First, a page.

Jack Merry asks if he'll win the Grinch Award this week for his review of Robin McKinley and Peter Dickinson's new collection of short stories, Water: Tales of Elemental Spirits. Why? you ask. Well, Jack didn't like all the stories, and says so, just as you'd expect him to. 'If my first encounter with Peter had been these tales, I'd never have read anything else by him. These tales have no life in them at all. I'd like to be kind, but I can't be... Yes, I know -- Booklist, Library School Journal, Publishers Weekly, even the Horn Book loved all of these tales. And all your school chums did too, didn't they? Well, I didn't. So there. Now drink down your cocoa before it gets cold.' Sorry, Jack. We don't have a Grinch Award. How 'bout an Excellence in Writing Award, instead? And you have another review for us? Of an unabashedly silly book? Let's have it, then. Hmmm. Looks like Sharyn McCrumb has brought back her forensic anthropologist, Elizabeth MacPherson, to solve a murder mystery in 'a version of Scotland that never was, a Scotland as unreal as Brigadoon itself.' That's right, Elizabeth goes to an American Highland Games festival in Highland Laddie Gone. Does she solve the mystery? Of course! Since you know that already, why should you read this book? See Jack's review to find out.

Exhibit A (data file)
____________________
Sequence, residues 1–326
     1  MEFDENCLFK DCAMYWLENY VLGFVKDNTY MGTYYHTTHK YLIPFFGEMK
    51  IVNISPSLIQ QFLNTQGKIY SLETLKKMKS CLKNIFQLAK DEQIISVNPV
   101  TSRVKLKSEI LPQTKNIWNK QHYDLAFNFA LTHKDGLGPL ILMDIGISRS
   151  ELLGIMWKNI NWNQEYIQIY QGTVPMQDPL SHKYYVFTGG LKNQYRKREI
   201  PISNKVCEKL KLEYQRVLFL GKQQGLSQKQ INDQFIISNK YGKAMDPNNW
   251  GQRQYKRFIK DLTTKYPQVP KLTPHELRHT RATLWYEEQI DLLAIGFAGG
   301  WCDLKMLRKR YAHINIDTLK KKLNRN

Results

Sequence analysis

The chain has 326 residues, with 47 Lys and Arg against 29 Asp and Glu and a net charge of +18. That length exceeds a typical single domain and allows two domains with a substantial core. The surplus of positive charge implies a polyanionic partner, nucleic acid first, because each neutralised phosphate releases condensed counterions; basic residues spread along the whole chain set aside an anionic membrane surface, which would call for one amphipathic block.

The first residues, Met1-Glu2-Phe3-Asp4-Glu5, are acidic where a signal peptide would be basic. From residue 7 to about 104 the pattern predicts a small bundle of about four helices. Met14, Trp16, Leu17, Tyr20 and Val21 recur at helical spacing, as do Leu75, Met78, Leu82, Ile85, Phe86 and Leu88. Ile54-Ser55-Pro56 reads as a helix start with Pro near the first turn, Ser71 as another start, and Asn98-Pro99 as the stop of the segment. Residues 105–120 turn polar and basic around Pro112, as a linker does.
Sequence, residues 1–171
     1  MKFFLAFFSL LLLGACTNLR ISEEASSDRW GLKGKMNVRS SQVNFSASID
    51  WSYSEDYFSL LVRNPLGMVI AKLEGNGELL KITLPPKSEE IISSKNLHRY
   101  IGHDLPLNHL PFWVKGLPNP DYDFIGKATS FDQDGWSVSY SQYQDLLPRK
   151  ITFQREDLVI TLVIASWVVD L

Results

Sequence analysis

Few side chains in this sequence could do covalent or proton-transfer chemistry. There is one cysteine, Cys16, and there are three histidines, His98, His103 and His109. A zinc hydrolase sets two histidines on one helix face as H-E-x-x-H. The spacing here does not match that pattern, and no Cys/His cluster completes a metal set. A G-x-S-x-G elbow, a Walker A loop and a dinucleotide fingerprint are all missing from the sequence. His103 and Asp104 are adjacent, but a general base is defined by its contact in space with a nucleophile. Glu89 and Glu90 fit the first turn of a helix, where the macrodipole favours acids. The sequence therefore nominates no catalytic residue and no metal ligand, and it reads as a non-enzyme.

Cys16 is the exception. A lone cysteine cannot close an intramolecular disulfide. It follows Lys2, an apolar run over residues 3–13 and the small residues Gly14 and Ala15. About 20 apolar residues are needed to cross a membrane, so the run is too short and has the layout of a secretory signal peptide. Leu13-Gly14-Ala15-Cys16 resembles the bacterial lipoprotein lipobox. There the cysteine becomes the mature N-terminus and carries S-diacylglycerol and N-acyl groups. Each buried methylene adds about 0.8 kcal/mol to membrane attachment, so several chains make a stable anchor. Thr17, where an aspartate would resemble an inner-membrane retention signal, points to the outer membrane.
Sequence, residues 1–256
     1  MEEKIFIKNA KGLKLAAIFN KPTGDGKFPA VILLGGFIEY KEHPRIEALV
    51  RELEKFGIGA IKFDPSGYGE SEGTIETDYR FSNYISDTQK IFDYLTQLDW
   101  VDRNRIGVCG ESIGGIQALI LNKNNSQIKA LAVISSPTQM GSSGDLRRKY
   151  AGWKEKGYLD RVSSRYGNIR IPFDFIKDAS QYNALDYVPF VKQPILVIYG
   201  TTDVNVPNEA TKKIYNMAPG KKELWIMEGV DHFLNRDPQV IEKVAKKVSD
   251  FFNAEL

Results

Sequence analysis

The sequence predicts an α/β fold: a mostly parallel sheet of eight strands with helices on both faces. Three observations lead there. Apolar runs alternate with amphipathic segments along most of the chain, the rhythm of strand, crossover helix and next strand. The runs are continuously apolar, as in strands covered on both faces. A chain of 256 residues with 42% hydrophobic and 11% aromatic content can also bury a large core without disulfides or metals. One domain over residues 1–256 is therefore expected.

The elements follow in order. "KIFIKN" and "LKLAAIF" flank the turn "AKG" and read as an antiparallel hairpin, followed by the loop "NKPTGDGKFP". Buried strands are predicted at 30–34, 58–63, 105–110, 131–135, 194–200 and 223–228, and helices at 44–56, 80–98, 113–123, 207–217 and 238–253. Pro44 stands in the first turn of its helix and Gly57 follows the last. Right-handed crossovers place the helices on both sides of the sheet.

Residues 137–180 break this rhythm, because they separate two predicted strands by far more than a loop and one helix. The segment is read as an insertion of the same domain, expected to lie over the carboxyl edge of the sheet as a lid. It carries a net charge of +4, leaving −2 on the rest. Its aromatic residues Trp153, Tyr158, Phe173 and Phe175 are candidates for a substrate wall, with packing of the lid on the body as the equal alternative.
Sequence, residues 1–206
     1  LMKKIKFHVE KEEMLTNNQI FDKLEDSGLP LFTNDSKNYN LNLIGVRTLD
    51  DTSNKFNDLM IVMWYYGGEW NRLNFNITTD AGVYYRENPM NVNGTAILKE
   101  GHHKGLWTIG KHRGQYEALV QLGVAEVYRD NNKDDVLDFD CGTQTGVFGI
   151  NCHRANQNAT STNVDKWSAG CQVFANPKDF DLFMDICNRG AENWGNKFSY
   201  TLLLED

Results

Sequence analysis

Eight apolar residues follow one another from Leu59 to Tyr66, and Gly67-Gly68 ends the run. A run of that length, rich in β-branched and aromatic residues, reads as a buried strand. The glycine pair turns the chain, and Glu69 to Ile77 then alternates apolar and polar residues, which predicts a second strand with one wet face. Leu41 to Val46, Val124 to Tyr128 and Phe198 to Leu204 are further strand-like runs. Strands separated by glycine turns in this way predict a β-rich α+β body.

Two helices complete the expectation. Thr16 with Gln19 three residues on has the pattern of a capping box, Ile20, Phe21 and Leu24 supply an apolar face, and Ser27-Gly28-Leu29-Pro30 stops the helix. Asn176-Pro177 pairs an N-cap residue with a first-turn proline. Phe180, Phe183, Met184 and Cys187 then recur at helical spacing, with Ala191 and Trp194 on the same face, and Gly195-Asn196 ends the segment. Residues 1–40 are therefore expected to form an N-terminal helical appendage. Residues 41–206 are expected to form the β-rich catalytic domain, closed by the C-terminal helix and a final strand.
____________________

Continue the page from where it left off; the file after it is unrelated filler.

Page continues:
Maria Nutick begins her review for us with a thought-provoking (semi-guilty-laughter-provoking?) quotation. 'Let me tell all of you something about orcs... If you're born an orc, everyone's hand is against you. Every Dark Leader that happens along thinks, I need an army, what about a few thousand orcs? They're brutal, efficient, cheap, and there's always plenty more where they came from.' The quotation is from Ashnak, one of the protagonists of Mary Gentle's book Grunts. Are you thinking, 'Orcs??? As protagonists?' So are we. Maria's review gives us a taste of how Gentle has managed to shake up the stereotypes and reveal orcs as an oppressed minority.